Young people are using different tools: new forms of communication and organizing. They are crafting new forms of political participation because they feel that traditional forms are leaving them behind or not working for them.

Stephen identifies a consistent theme in integration: the policy word has segmented all of these things. The traditional phases of conflict overlap with each other. These distinctions are only serving funders and policymakers instead of those on the ground. What can we do differently if we see peacebuilding in a different way?

There is a powerful demonstration here that we have failed to understand the types of innovations, resilience, resourcefulness, and creativity necessary to make peace sustainable. There are huge incentives for youth to do this.

We need to shift from remedial approaches to preventive, and from investment in risk to investment in resilience. Partnerships are formed by young people that connect the local to the global, and they often work with new partners like local mayors and influencers. We have to be careful to not romanticize or patronize youth peacebuilding.

Graeme had mentioned the need to support endogenous capacities for peace. In practice, it’s hard for institutions and elites to let other people have agency because they would then lose control. Stephen asks: Do you have insight to how we can convince those who support peacebuilding to give more agency to the communities that need to be empowered?

The Youth, Peace and Security Agenda learned alot from the Women, Peace and Security Agenda. The roles of these people need to be changed within society. These truths have been repeated and repeatedly ignored. This is not about “giving” agency to youth. This agency will be claimed by young people because, eventually, young people will outgrow their youth. The lesson is to react to the innovation now, because it will eventually change the multilateral environment. We need to move beyond a “voice” to agency.” This is a long term transition and fight for influence. It should not be ignored that populations in Africa and Asia are getting younger and progress in these areas has been brought up through youth movements.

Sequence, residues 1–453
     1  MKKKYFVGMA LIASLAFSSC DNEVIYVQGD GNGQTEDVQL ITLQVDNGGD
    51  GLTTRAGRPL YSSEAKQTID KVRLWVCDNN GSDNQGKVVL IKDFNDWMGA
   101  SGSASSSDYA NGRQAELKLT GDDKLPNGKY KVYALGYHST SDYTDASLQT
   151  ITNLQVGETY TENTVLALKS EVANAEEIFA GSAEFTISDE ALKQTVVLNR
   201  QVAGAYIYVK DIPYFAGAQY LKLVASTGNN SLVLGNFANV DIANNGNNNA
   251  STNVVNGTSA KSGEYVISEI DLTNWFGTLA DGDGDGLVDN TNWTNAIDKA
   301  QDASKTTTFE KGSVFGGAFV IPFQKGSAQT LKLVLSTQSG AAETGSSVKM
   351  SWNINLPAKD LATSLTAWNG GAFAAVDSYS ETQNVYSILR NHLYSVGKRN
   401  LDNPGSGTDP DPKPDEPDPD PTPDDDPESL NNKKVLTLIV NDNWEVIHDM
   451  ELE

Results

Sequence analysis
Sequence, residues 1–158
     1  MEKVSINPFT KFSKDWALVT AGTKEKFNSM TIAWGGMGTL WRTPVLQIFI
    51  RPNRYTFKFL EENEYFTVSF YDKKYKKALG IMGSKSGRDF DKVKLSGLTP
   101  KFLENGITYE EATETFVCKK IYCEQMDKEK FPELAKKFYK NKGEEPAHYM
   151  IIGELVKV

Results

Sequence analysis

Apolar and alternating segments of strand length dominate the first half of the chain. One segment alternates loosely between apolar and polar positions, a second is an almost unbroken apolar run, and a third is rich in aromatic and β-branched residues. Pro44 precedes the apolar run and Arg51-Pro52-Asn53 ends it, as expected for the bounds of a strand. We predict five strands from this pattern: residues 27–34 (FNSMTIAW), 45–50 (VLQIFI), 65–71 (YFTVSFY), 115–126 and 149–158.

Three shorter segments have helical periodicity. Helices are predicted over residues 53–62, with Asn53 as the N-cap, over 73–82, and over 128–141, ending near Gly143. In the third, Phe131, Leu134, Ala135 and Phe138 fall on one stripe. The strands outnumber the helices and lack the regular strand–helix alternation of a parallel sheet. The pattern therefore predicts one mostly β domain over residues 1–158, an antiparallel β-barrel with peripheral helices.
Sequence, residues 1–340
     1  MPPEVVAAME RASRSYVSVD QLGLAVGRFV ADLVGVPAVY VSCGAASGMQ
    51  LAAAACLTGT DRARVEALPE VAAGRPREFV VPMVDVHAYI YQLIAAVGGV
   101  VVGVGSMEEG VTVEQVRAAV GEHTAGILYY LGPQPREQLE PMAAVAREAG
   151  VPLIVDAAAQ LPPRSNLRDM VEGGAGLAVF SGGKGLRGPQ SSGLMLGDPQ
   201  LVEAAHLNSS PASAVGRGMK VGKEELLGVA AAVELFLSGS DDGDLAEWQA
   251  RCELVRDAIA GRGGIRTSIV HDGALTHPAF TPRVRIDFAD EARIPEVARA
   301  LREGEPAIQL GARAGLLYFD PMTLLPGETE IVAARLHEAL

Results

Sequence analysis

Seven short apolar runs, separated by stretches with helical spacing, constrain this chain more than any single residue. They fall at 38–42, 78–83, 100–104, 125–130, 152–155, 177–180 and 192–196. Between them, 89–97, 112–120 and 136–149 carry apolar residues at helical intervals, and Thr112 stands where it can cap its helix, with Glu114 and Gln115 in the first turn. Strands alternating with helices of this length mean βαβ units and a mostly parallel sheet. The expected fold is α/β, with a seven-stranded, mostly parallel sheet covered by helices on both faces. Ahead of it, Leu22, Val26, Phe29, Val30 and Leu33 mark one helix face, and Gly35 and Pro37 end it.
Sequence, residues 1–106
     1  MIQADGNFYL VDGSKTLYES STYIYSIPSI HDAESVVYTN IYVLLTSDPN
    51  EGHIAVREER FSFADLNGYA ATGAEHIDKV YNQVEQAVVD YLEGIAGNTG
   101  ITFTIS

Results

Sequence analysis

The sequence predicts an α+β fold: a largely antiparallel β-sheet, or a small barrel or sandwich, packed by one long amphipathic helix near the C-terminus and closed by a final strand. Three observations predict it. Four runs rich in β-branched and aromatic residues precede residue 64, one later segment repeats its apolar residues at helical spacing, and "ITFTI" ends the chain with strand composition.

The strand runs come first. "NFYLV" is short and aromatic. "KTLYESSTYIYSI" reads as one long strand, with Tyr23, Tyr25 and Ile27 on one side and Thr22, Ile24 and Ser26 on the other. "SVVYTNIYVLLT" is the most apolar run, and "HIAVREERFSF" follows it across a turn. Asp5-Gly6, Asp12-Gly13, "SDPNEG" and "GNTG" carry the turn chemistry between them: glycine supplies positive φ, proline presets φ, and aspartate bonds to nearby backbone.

Stephen raises gender. The study discusses how youth movements are centered young women and can lead to the victimization of women and sexual minorities. This absorbs the need to cultivate nonviolent masculinities. Young men and women have different experiences of conflict and men are more likely to be recruited to violence and have access to drugs. However, the international community only understands gender and prevent violence against women, therefore ignoring the attention young men need due to this potential trauma. The study discusses this and Stephen would like for Graeme to unpack this more.

Graeme says the study had to incorporate gender throughout. The threat of youth violence is inherently gendered-- the young man and the gun. Young women are consigned to victimhood. This deprives young men and women of their ability to create peace. The “simple solution” is the recognize that the experiences of young men and young women are unique. The study argues that a deep understanding of the construction of masculinity has been missing from peacebuilding. Unless we engage in masculinity when it is formed, during adolescence, we miss an enormous opportunity.

Resources and Closing Comments:

Youth 4 Peace website: all documents used in the study are going to be available on a database on this website.

The study started a comprehensive list of organizations focusing on youth-led peacebuilding initiatives. (Mercy Corps, Interpeace, Search for Common Ground, Safer World, ACCORD, Center for the Study of Violence and Reconciliation, Conciliation Resources, and many more.

United Equity of Young Peacebuilders

Young leadership, youth led organizations, young authorship is so important to look for, for both resources and information.

Dissent from young people, which we often see as a conflict, are powerful tools of how young people drive peace.